The first step of the analysis consists in defining the process of marketization in its various forms. Indeed, even if several social benefits which were provided by public institutions in the past are now delivered by private actors, various forms of co-management are emerging, and the economic resources which are employed in services are even now mainly public. In this regard, three trends can be traced through the analysis of administrative databases at regional level. The first is the growing outsourcing of public services: in this case the ownership and the resources are still public, but the services are managed by non-profit organizations and market players. The second trend is the increasing direct public funding of non-profit organizations which establish and manage their own initiatives in the field of social policies using public funds. Finally, the third relevant trend is the enlargement of the market of private services. Even in this case, however, the public sector plays a pivotal role. In fact most of the economic resources spent in this market come from public transfers directly to citizens through pensions or subsidies. For this reason, social services can be better defined in terms of “quasi-market”.  The reliance of market and non-profit organizations on external funding, that most of the time comes in form of project financing, is one of the main reasons of the market failure. In-depth interviews with actors reveal that the instability of the resource flow deeply limits the capability of long term planning, inhibiting innovation and determining an increase in levels of precarity among workers.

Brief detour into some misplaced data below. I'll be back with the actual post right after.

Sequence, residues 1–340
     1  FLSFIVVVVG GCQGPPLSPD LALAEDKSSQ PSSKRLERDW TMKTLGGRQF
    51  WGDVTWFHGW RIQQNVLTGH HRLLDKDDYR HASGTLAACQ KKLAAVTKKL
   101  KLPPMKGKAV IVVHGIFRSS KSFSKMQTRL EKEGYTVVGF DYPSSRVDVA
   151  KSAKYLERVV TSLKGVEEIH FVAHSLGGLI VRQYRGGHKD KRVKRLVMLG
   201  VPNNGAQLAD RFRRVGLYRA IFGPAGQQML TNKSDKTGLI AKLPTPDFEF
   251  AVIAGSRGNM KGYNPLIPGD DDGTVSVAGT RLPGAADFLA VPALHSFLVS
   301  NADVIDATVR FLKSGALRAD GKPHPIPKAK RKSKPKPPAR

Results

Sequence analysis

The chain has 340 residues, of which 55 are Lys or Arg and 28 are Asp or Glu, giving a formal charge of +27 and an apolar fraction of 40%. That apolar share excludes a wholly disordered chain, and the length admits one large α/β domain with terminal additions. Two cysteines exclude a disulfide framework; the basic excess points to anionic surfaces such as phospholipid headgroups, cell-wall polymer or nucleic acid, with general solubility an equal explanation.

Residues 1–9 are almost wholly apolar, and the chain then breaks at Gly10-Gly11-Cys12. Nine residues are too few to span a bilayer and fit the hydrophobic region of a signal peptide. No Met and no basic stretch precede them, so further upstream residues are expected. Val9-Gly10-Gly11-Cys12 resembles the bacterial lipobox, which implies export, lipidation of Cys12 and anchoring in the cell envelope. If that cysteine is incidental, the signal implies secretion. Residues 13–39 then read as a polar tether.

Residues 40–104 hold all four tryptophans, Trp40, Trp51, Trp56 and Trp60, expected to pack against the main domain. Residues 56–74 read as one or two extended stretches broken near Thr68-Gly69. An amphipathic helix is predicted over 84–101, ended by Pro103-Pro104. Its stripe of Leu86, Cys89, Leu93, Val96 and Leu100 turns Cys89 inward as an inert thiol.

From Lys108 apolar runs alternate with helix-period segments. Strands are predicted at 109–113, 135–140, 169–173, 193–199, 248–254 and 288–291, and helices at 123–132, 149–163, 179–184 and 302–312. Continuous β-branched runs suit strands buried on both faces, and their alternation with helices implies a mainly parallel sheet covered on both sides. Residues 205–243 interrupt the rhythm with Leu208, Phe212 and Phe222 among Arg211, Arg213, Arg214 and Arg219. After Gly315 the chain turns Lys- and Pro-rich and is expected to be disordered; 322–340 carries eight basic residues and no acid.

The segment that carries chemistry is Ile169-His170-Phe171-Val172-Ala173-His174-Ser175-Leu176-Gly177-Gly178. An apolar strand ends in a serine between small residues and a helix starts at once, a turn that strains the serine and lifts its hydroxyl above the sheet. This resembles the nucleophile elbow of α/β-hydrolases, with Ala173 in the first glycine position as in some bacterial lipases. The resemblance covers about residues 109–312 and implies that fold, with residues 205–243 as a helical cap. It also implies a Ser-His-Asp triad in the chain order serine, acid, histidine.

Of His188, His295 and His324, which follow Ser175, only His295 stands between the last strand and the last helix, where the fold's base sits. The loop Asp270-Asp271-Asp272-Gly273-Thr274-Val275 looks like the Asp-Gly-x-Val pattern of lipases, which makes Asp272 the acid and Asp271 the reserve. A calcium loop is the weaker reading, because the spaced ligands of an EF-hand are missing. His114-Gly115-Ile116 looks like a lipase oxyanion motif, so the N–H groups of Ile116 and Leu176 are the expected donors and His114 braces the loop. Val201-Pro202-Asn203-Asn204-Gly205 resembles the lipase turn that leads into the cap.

Workers are not only among the major victims of market failures, but they are one of the crucial nodes of the process of value extraction. If in the first stages of the development of the market profits were produced mainly by reducing the quality of services, lowering the cost of labour seems to be an even more important lever nowadays. In fact, this reduction in market and non-profit organizations is one of the main instruments to enhance their competitiveness and to promote and justify outsourcing of public services as a way of containing costs.  Workers, therefore, join the services users in paying the price of marketization.

The extractive dynamics centred on labour cost and services quality and/or price determine at least three different models, according to the purpose and the kind of value extracted. First, we can observe a standard extraction model of the economic value. In this case, market players and non-profit organizations improve their margins by hitting on consumers and suppliers of the social services, as occurs in many other markets. Second, there is what can be called an economic redistributive model, in which the cost savings are functional to maintain services that otherwise would be eliminated or resized, given the continuing shortage of public resources. Third, we can outline a peculiar situation, in which a kind of resource other than the economic one is taken out from the value chain. In fact, social services can be conceived as a field where to build political and social capital, which may be used both to better manage the services system and, to a lesser extent, to pursue an individual career in the political arena. Non-profit organizations and market actors can indeed shape and exploit their structural position in the field in order to provide system stability and their own survival, thus compensating for market failures. We will deepen these dynamics carrying out a network analysis on a complete dataset of the non-profit organizations in Piemonte, their organization chart, the profile and career of their leaders.